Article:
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Bubba's Iranian Politics and Beer Analogy

Discussion in 'Middle Eastern Politics' started by The Bare Knuckled Pundit, Jun 20, 2009.

  1. The Bare Knuckled Pundit

    The Bare Knuckled Pundit New Member

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    While Americans have eagerly embraced the image of Mousavi the Reformer and the idea of a second Iranian revolution, they would be well advised to take a closer look beyond the headlines and eye-catching imagery.

    While Mousavi parts ways with Ahmadinejad on strict enforcement of the state's Islamic-based moral codes, he shares the incumbent's views on Iran's unrestricted right to pursue nuclear power. Though he believes Ahmadinejad's belligerence and denial of the Holocaust have given the nation a negative image globally, he believes only that the tenor of the regime should be changed and not it's fundamental structure.

    Are Iranians marching in tens of thousands against perceived electoral fraud and governmental corruption, yes. However, they're not fighting in the streets with their children at their feet. Let's be starkly clear. There's no popular groundswell calling for the overthrow of the current political structure, no talk of a new constitution for one to tip their hat to.

    Allow me to open up the Big Book of Bare Knuckled Bubba Political Analogies, if you will. In essence, the crux of the controversy is akin to choosing between Bud and Bud Light. You're merely deciding which flavor you want; in the end you're still drinking beer. If you opted for vodka, whiskey or my personal favorite, Jagermeister, then you'd be talking about a substantive change. Granted, you'd still be drinking alcohol, but it would be a completely different form of alcohol from that of beer.

    Applying Bubba's beer analogy to the current situation in Iran, the Iranian people are arguing over the choice between Regime or Regime Light - one is the tried and true, status quo King of Repression while the other is less filling and has a lighter moral code that tastes great. Both are nothing more than brands distributed by the same brewery. Furthermore, the brewery enjoys an iron-clad monopoly on it's market. One that it has no intention whatsoever of relinquishing, mind you.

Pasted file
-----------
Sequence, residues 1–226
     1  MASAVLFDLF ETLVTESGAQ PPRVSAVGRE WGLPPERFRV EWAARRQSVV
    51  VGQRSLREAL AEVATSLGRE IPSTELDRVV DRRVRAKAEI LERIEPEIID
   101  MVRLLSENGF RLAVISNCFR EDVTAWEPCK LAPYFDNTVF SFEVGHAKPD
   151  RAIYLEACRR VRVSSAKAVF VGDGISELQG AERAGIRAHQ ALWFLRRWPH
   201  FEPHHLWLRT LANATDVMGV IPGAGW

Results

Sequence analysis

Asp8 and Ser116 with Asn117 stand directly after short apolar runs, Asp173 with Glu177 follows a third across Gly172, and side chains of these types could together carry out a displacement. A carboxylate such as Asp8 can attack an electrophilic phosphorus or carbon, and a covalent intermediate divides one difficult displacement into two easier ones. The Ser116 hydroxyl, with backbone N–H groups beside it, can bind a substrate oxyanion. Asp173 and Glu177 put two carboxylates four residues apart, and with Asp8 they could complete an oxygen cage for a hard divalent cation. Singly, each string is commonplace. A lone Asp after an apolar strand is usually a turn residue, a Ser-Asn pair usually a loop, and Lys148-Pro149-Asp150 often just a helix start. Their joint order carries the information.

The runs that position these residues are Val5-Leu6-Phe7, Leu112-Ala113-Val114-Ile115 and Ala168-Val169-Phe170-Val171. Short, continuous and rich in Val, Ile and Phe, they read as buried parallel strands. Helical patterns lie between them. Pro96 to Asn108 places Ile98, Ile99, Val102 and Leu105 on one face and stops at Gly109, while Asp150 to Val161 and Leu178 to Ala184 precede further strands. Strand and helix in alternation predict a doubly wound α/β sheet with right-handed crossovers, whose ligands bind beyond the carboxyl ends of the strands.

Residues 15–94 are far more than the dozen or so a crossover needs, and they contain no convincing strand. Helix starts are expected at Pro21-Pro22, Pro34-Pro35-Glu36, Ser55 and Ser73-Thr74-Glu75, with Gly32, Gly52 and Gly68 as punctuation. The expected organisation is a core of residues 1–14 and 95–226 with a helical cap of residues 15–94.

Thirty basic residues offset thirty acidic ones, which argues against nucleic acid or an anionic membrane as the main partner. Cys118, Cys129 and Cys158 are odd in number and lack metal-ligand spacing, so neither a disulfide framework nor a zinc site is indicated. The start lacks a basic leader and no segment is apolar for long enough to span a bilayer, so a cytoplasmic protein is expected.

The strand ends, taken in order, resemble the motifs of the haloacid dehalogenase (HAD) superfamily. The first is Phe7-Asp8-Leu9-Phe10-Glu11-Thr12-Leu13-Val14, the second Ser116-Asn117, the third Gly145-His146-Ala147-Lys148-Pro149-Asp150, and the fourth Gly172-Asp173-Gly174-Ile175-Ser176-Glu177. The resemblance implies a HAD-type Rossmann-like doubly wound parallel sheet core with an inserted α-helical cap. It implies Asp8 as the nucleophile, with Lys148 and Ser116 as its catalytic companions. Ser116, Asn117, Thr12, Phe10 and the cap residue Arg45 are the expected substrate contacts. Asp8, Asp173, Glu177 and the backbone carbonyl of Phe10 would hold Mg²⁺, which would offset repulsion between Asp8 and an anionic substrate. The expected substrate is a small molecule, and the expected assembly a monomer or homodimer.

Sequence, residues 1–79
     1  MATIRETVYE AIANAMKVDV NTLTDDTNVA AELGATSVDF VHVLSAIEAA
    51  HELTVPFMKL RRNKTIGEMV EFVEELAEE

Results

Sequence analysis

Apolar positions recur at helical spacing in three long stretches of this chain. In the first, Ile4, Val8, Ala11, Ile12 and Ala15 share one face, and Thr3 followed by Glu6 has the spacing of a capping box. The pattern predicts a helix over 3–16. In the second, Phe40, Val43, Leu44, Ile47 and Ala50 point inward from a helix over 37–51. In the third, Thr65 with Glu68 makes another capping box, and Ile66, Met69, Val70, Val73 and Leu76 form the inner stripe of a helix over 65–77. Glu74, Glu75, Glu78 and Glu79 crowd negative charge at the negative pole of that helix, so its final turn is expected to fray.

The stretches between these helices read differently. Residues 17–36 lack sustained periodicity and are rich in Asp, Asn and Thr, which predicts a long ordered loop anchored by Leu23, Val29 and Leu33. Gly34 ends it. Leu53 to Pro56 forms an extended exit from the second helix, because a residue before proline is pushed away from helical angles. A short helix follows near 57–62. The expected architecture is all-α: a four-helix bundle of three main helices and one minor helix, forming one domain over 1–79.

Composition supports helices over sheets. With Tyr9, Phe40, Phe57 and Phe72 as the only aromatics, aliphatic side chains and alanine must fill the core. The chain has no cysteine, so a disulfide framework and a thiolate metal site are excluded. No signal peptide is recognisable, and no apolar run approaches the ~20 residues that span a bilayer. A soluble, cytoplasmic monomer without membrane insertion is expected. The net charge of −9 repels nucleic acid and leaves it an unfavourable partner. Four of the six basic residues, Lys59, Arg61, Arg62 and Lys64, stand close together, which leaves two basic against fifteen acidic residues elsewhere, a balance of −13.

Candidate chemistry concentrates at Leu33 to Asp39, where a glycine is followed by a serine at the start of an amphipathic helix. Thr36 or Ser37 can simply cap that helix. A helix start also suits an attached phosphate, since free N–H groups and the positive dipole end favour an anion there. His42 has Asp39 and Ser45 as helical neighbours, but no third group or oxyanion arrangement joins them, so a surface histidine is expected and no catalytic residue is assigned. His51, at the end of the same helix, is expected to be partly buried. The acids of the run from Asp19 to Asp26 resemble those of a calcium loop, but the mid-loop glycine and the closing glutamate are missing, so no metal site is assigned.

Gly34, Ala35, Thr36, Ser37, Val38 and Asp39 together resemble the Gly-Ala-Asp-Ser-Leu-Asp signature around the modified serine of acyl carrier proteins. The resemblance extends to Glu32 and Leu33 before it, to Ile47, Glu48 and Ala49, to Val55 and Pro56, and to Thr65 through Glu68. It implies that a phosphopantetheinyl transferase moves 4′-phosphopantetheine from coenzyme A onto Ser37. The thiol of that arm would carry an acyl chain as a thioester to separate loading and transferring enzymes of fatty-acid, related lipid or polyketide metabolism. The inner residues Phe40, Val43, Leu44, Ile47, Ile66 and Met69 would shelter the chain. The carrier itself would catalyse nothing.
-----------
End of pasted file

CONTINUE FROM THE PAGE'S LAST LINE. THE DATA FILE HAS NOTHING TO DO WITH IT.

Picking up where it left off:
In the end, the choice is between whether the iron gauntlet of the regime and the Supreme Leader Ayatollah Ali Khamenei will be sheathed in the Member's Only jacket of Mr. Ahmadinejad or the velvet glove of Mr. Mousavi. Regardless of who ultimately wears it, the iron gauntlet remains. Americans should remain ever mindful of that, lest their emotions get the better of them and they once again find themselves bitterly disappointed that what appeared to be promising blips of change on Iran's political radar were nothing more than false echoes.

    In the meantime, this Bud's for you.
     
  2. Mare Tranquillity

    Mare Tranquillity Active Member

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    Sounds an awful lot like the US, no matter who I vote for the damn government gets elected.
     
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  3. PLC1

    PLC1 Moderator Staff Member

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    LOL

    Yes, it does, doesn't it?

    Still, even if the Iranian people don't have a real democracy as one of their choices, they at least have a choice between accepting a certified nutcase who most likely retained power through fraud, and someone who was at least chosen as the lesser of the evils.

    If freedom comes to Iran, it will come by increments. They won't really be free until they tell their mullahs to go **** themselves, tactfully, of course.


    And we won't have a real choice until we have candidates to vote for who aren't members of the party of Tweedledee or the party of Tweedledum.
     
  4. pocketfullofshells

    pocketfullofshells Well-Known Member

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    well when the the council only lets 4 out of hundreds of people who wanted to run, you cant expect to much reform in there,
     
  5. Das Tränegras

    Das Tränegras New Member

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    Die Menschen wollen, dass die regierung schäfft?

    A revolutionary war would be a scary prospect, I think. Those things never work out without an educated and moderate upper class leading the revolution. Otherwise, it's just a bunch of peasants raping their lord for all the crap they've had to endure, but that doesn't build the basis of a strong government!

    For example, somehow we've come across the idea that the poor and the less well off are some-how more noble and deserving of wealth than those who made their wealth with their minds and their strategy.

    But I couldn't dissagree more. Whenever the poor get weapons, you get riots, looting, and people busting into homes and shooting rich people. Basically, you have general lawlessness.

    It's important that Iran get freedom, but it won't get freedom if all the anger of the iranian people isn't channeled into something constructive.
     
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